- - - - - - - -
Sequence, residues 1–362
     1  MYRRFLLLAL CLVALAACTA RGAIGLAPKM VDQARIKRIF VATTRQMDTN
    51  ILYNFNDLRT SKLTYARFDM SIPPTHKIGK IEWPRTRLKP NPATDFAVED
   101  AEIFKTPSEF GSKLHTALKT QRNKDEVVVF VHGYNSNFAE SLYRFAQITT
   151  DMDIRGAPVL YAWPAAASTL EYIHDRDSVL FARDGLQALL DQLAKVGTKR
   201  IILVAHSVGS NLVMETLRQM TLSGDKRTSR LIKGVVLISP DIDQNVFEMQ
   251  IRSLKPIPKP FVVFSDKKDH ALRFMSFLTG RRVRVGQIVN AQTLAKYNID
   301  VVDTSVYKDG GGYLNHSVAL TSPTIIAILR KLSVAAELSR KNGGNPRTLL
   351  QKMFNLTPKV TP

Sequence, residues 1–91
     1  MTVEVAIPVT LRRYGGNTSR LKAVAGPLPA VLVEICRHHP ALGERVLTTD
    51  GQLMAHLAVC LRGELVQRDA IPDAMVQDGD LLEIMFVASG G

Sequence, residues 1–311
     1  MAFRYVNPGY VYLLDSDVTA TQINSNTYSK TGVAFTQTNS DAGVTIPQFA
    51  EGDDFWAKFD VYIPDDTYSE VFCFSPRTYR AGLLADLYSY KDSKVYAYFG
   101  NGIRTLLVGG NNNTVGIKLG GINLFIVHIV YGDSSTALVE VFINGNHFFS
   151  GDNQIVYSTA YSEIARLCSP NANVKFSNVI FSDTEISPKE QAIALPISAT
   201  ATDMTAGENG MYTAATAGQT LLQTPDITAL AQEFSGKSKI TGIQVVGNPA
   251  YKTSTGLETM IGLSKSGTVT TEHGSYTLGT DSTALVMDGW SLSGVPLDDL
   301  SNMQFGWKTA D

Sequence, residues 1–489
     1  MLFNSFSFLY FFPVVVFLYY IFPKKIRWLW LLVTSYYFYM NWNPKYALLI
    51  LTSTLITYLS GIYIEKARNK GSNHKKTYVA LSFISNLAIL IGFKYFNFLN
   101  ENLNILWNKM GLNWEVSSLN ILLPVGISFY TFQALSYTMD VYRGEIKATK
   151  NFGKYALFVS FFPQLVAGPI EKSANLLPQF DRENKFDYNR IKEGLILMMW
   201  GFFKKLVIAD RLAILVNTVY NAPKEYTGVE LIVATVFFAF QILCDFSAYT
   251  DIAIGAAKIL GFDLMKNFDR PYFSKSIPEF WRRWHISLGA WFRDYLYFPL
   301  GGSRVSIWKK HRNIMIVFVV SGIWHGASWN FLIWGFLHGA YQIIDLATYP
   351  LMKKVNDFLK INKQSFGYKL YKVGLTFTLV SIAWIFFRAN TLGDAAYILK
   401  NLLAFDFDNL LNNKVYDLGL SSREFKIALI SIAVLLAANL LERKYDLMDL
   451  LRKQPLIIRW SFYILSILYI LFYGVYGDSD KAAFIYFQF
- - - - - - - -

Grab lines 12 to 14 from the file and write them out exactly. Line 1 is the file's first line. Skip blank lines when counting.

    51  GQLMAHLAVC LRGELVQRDA IPDAMVQDGD LLEIMFVASG G

Sequence, residues 1–311
     1  MAFRYVNPGY VYLLDSDVTA TQINSNTYSK TGVAFTQTNS DAGVTIPQFA